[Date Prev][Date Next][Thread Prev][Thread Next][Date Index][Thread Index]
an interesting case re essentialism
Below I paste in a draft description of a study by Michael Chapman and
colleagues (monograph of society for research on child development, 2003)
in which they argue that the use of narrative versus essentialist modes
of understanding self-continuity interact with the degree of cultural
autonomy/continuity won back by First Nations Canadian peoples to influence
levels of adolescent suicide. I offer this simply to indicate one of many
ways the concept of essentialism is used in contemporary developmental
psychology. The issue of cultural variations in essentialist modes of
interpretation is a hot one at present. Lots more to comment on, but
even more pressure on deadlines (sound familiar)?
The happy lurker.
Adolescent/youth in periods of rapid social change. An issue distinct from, but related to, concerns about the globalization of Euro-American adolescent/youth culture is the impact on adolescents of rapid social change under conditions where one social group clearly dominates the other. There is evidence to show that such periods can be particularly destructive of development in the transition form childhood to adulthood.
Michael Chandler and his colleagues (Chandler, Lalonde, Sokol, & Hallett (2003) document the cause for such concern in their study of suicide among 15-24 year old First Nation young people in British Columbia, Canada. For the period from 1987-1992 the suicide rate among First Nation adolescents/youth were 5 times greater than that for all other ethnic groups combined.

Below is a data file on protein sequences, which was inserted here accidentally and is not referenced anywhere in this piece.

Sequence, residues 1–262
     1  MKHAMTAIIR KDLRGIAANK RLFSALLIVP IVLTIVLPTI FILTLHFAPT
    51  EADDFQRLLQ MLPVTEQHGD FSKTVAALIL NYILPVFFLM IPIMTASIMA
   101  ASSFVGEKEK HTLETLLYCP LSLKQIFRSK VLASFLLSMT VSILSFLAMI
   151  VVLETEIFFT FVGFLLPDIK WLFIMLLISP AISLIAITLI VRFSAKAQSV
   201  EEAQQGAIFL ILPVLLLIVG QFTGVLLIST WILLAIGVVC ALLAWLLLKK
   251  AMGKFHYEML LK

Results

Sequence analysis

acterization of adolescent and emerging adulthood in most textbooks, it should be a period of adult identity formation.
ty in a story of how various events in their life produced a sequences of changes in them without negating the fact that they were the same person. This narrative construction of self-continuity, Chandler and his colleagues argue, is particularly vulnerable to conditions of cultural destruction because the narrative tradition on which such self-construals were based was itself destroyed, leaving adolescents with a profound loss of a sense of self-continuity.
al battles to win back tribal lands, and degree of control over their own health facilities, cultural facilities, and police/fire personnel. They then calculated the likelihood of suicide as a function of the number of such .cultural continuity. factors present in each group. Their results were clearcut. Those with 0-2 such factors had a suicide rate at least double the groups with 3-5 such factors.